Is Cataract Surgery Done by Laser?
Cataracts are the leading cause of blindness, globally – including in the UK. Luckily, cataracts can be treated effectively with the help of cataract surgery, which has become one of the most commonly performed surgeries in the world. But how exactly does cataract surgery work? Is it performed with traditional surgical tools? Or is cataract surgery done by laser?
Let’s start by explaining what exactly cataracts are and why they develop.
What are Cataracts?
Cataracts develop in the lenses of our eyes which, for most of our lives are as clear as glass, allowing us to make sense of the world around us. However, as cataracts begin to affect the proteins in our eyes lenses, they become cloudy.
These cloudy obstacles often take on a brown or yellow tint which affects the way we see colour, as well as our ability to clearly define objects. The development of cataracts can make it difficult to perform everyday tasks such as reading, driving and exercising. In more severe cases, cataracts can eventually lead to blindness.
Cataracts are considered a natural part of ageing; however, there are some factors which may accelerate their development. For example, certain existing health conditions, steroid use, and eye injury have all been linked to a higher risk of cataract development.
According to the National Eye Institute, lifestyle factors such as smoking, drinking too much alcohol, and over-exposure to the sun can also put you at higher risk.
While the development of cataracts is usually age-related, they can also occur in younger people and even children. There are three main types of age-related cataracts:
- Nuclear sclerotic cataracts
- Cortical cataracts
- Posterior subcapsular cataracts
In the early stages of cataracts, glasses or contact lenses may be effective at reducing the visual impairment experienced. However, in the long term, there is only one solution to getting rid of a cataract: cataract surgery.
Treating Cataracts with Surgery
Cataract surgery involves physically removing the cataract from your eye by replacing your eye’s natural lens with an artificial lens. Now, this may sound scary but as one of the most commonly performed surgeries worldwide, the success rate of cataract surgery is extremely high!
The artificial lens that replaces the natural lens in cataract surgery is known as an intraocular lens, or IOL. An important part of cataract surgery is determining the correct size lens for each patient (as everyone’s eyes are different!). At London Vision Clinic, we offer the complete range of commercially available IOLs, allowing us to ensure a perfect fit for every patient.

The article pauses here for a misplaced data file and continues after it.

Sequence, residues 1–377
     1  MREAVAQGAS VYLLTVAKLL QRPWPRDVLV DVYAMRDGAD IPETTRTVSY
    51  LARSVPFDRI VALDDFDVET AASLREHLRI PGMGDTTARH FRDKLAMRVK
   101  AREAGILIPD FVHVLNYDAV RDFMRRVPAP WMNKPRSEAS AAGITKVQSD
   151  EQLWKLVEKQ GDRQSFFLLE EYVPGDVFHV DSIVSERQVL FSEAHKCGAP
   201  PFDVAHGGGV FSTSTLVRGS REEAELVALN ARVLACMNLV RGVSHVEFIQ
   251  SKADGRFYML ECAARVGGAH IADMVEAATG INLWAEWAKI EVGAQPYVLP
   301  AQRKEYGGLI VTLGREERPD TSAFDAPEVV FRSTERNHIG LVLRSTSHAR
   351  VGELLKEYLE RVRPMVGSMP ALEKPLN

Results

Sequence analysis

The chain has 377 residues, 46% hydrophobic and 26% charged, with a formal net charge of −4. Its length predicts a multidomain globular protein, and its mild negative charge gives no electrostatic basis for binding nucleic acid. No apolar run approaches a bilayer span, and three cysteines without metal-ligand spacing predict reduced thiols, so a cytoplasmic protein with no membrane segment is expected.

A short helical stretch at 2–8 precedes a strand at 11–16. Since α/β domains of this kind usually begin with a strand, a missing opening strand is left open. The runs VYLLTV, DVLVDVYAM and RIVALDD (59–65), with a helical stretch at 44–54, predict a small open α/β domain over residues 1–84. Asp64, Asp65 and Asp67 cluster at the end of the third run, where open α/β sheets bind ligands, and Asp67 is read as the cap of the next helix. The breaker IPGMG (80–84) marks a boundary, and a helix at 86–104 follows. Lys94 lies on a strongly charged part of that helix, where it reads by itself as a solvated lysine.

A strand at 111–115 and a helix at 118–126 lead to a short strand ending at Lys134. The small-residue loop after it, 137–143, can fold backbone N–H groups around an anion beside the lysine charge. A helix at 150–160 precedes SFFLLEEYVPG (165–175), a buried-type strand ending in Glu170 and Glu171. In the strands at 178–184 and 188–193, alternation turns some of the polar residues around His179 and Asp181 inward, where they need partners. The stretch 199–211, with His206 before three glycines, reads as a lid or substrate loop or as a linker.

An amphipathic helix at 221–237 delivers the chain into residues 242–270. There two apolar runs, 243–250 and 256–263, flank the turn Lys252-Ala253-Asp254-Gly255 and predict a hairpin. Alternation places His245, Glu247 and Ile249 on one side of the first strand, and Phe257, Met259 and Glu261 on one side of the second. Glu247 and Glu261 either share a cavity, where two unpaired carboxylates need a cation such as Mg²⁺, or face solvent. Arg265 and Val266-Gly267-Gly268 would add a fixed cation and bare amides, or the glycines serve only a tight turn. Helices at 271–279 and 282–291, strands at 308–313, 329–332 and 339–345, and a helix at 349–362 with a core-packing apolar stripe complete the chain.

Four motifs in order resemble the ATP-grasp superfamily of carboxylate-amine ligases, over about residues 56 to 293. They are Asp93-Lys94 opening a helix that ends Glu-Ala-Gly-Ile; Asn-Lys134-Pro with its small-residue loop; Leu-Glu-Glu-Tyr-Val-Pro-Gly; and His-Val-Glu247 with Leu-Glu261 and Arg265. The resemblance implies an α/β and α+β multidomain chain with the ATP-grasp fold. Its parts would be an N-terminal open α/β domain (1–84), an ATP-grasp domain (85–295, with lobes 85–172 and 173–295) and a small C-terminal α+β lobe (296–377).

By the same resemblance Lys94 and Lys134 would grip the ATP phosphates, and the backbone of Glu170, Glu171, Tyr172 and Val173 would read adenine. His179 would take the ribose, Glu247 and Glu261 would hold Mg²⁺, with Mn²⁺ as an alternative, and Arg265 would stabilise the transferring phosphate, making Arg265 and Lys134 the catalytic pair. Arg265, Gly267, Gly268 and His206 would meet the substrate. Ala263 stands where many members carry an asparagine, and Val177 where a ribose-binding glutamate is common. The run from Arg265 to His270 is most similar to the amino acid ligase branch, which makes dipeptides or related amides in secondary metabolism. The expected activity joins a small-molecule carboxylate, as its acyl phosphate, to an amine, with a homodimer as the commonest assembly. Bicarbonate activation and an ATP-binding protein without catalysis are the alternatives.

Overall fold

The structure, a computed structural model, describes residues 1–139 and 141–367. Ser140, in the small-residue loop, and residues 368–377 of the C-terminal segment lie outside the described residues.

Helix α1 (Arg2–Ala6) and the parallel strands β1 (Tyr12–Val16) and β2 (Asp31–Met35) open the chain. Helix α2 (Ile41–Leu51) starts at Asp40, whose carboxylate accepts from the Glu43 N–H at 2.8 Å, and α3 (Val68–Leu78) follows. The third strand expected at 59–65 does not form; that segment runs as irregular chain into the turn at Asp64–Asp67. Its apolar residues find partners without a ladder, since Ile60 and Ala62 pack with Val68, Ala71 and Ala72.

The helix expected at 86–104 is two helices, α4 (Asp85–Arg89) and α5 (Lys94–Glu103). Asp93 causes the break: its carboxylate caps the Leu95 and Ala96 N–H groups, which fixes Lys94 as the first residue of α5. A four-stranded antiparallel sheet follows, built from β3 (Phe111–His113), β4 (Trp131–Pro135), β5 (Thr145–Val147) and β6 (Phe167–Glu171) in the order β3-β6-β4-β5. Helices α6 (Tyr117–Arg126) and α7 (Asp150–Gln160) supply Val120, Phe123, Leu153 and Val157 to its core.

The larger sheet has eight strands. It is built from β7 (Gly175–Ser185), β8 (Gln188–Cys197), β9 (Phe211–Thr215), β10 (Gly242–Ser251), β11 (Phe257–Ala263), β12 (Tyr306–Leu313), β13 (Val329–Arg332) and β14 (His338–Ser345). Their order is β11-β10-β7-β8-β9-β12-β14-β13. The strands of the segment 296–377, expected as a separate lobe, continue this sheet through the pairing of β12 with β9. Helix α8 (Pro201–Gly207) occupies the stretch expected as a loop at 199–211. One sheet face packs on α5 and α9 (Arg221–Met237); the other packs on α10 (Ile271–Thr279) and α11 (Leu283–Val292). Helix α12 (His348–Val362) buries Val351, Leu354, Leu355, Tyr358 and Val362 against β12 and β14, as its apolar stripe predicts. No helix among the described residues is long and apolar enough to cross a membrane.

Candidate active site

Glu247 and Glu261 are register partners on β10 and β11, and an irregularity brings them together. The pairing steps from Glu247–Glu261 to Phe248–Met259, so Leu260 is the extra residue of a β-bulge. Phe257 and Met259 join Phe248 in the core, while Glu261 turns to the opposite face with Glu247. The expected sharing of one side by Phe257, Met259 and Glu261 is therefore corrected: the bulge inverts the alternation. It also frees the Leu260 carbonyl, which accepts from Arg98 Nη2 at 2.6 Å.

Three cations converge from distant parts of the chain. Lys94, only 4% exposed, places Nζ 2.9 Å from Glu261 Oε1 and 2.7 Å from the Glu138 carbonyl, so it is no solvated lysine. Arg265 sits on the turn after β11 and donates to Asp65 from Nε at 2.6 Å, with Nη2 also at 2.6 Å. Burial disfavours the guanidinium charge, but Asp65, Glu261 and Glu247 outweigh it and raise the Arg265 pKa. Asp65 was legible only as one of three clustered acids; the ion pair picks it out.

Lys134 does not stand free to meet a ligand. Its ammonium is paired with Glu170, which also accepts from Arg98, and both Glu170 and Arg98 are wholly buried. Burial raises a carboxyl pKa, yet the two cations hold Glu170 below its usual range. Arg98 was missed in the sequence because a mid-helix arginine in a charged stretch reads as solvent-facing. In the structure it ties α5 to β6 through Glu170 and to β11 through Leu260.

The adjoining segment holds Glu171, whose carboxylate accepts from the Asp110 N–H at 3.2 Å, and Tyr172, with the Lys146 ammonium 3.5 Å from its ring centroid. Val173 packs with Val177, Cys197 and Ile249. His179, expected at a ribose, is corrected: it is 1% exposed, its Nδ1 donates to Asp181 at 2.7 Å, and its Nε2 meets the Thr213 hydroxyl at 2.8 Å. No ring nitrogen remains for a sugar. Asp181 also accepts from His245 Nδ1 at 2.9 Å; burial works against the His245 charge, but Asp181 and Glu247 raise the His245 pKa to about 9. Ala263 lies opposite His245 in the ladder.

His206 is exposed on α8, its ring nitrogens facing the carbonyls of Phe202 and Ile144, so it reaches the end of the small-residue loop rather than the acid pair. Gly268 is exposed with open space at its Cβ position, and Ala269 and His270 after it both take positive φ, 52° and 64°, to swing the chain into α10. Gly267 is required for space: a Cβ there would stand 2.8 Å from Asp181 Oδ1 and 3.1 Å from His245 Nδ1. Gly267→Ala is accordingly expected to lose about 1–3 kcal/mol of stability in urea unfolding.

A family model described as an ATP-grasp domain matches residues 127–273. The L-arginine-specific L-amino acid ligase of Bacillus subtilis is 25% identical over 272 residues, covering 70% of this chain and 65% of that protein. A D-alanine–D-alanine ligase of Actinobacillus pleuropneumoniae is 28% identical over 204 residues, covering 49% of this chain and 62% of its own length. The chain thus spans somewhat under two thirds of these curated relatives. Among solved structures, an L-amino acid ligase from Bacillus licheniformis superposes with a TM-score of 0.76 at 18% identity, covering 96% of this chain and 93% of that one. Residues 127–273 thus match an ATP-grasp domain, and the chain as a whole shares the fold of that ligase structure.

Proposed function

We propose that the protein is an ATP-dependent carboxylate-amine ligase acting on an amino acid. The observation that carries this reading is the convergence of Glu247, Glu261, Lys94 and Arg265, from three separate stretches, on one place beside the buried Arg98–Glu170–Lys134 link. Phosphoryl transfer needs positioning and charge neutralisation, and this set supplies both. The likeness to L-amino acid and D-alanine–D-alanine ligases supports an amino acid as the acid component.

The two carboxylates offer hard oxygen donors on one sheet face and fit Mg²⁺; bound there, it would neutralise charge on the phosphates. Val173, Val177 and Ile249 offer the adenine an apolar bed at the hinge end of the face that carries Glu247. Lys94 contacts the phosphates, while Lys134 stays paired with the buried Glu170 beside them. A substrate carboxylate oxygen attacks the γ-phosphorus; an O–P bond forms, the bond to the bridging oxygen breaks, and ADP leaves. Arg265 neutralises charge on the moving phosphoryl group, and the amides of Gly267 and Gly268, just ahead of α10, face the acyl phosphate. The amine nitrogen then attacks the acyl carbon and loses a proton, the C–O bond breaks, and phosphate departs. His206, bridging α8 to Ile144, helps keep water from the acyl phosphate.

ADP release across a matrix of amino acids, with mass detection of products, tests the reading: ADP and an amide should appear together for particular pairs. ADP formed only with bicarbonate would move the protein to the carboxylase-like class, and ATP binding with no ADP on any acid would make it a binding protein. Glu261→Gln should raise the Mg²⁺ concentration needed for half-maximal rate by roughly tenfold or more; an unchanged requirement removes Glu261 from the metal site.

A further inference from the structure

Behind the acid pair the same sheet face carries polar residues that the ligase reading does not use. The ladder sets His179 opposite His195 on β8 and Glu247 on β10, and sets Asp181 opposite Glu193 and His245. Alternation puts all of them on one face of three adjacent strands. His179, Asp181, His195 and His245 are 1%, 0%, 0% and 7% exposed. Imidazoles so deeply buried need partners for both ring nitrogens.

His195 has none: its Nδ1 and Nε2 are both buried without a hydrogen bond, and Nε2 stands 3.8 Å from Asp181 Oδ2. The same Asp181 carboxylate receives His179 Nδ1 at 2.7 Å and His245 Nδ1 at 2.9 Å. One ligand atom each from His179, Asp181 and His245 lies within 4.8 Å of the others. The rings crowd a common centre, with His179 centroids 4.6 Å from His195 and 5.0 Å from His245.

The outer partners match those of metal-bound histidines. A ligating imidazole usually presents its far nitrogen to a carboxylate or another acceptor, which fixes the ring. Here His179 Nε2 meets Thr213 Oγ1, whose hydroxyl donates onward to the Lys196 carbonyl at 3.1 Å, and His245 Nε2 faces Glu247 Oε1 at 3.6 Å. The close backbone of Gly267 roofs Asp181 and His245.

So, how is cataract surgery actually performed? And crucially, is cataract surgery done by laser?
Using Laser Technology in Cataract Surgery
Traditionally, cataract surgery – like all refractive surgeries – was performed with the use of blades. This allowed the surgeon to create incisions in the surface of the eye, through which they could reach the lens. Then, they break up the cataract inside the eye and remove it through these incisions. Finally, the new artificial lens is put in place.
Today, cataract surgery may be performed with blades, however, it can also be done using a precision laser. As technology has developed, extreme-precision lasers are becoming increasingly utilised in refractive surgery, including Laser Eye Surgery treatments such as LASEK, LASIK, and ReLEx SMILE.
While cataract surgery is not considered a Laser Eye Surgery treatment (as lasers aren’t used to correct a refractive error), laser technology can be used to create the incisions needed to carry out the removal of the cataract. In Laser Cataract Surgery, 3D imaging may also be employed to create a map of the eye’s surface. This informs the laser of the exact location as well as the size and depth of the required incisions.
At London Vision Clinic, our expert team of surgeons and ophthalmologists are experienced in a wide range of refractive treatments – including cataract surgery. Our specialist cataract surgeons have been hand-picked for their expertise in this area and for their dedication to achieving the best possible results.
Have more questions about Cataract Surgery? Don’t hesitate to get in touch with a member of our team or, alternatively, Book a Consultation today.